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  • jtrav21's picture
    jtrav21
    10.04.2013
    Well put Rickinreallife!
    • Joseph Najjar's picture
      Joseph Najjar
      12.22.2013
      I second that! Glad to see the experts didnt have to even get involved in this one haha
  • Rickinreallife's picture
    Rickinreallife
    10.03.2013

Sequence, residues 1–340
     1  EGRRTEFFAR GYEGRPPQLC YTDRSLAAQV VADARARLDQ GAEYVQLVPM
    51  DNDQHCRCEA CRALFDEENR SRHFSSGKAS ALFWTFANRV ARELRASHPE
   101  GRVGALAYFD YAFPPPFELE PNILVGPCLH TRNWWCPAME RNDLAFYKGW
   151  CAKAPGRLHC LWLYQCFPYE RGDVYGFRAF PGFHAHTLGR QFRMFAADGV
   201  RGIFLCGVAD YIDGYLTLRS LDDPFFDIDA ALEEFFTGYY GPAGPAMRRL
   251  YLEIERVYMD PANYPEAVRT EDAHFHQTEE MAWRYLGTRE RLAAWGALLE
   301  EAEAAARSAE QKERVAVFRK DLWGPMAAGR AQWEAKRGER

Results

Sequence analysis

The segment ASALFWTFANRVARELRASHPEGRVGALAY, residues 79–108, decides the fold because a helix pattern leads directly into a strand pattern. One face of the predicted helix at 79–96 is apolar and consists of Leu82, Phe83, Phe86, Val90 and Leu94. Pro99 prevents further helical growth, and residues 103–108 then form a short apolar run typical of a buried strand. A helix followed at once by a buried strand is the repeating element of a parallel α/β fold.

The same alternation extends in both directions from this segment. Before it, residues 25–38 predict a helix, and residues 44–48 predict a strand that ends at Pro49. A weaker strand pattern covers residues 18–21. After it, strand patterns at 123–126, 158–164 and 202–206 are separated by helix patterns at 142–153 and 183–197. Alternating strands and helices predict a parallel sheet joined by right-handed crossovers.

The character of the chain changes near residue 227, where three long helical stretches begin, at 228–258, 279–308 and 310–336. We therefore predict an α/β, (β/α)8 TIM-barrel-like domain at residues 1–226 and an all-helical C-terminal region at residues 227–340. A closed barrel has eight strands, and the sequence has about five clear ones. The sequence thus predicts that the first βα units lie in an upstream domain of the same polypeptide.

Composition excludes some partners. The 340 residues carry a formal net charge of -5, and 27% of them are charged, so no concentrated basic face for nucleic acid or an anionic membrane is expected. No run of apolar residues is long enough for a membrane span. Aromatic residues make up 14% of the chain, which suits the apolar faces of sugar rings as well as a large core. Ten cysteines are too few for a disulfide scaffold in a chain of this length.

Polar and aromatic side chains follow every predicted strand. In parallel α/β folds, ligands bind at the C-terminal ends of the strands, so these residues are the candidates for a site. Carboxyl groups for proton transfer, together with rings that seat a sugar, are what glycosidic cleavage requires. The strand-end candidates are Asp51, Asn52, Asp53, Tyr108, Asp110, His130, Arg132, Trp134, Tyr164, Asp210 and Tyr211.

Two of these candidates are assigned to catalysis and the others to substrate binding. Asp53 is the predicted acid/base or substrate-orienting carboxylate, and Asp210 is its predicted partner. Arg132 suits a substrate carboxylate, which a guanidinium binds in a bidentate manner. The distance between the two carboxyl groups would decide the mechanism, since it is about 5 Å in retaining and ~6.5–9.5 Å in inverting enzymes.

Awakeaboutgmo said: "Are there any scientific studies completed that undoubtedly proves that "golden" rice cures blindness? Please show me a link or anything that proves so." First, I think your question has put words in people's mouths. No seed company has made the claim that eating golden rice "cures" blindness, and I am not aware anybody has made that claim. (You might try some homeopathic medicine website, Dr. Mercola perhaps, but I doubt even there you will find anyone willing to make such a bold statement). The only claim that Syngenta, the developer of golden rice, would make about golden rice is that the seeds harvested from golden rice contain amounts of beta carotene, a nutrient not naturally present in rice. Beta carotene is a type of cartenoid, a necessary item that the body metabolises into vitamin A. Research unrelated to biotech crop development that precedes golden rice and continues today suggests that variety of human health issues, including illnesses rampant in parts of the globe that can have tragic consequences including blindness, result from insufficient vitamin A in the diet. The golden rice project is an effort to add vitamin A through beta carotene enrichment of a staple crop like rice that makes up the majority of attainable diet of many of the worlds poor. There has been work, not in any way performed by or associated with biotech seed companies, that indicates beta carotene fortification is an effective strategy to prevent illnesses associated with low vitamin A. Studies have been done, again not by the seed companies themselves, but by private and public health authorities in those nations where golden rice is sought to be made available to farmers, to confirm that consumption of golden rice is a viable means of acquiring beta carotene and that the body can actually utilize the beta carotene delivered in golden rice to synthesize Vitamin A. Early on, there were some criticism that early varieties of Golden Rice does not have high enough levels of beta carotene to make any difference, i.e. that people would have to eat unrealistic amounts of golden rice the get any benefit, but more recent varieties have been found to deliver sufficient amounts with realistic, normal consumption. So, FDA does not crack down on seed companies for making fraudulent claims that golden rice cures blindness, because seed companies (nor anyone for that matter) have made no such claim. Nor would seed companies be in the business of selling consumer products in this country that make this claim that would come within the jurisidiction of the FDA. The general consensus arising from investigations by the health community is that increasing beta carotene in diets can prevent conditions that lead to blindness, and that fortification of foods is one mechanism for achieving sufficient intake of beta carotene where it would otherwise be lacking. But read for yourself. This is explained on the Golden Rice Humanitarian Board website under Q&A. [http://goldenrice.org/Content3-Why/why3_FAQ.php]. You can find references to and perhaps excact citations to work supporting the conclusion that fortification of rice will be an effective tool in avoiding health conditions that can lead to blindness.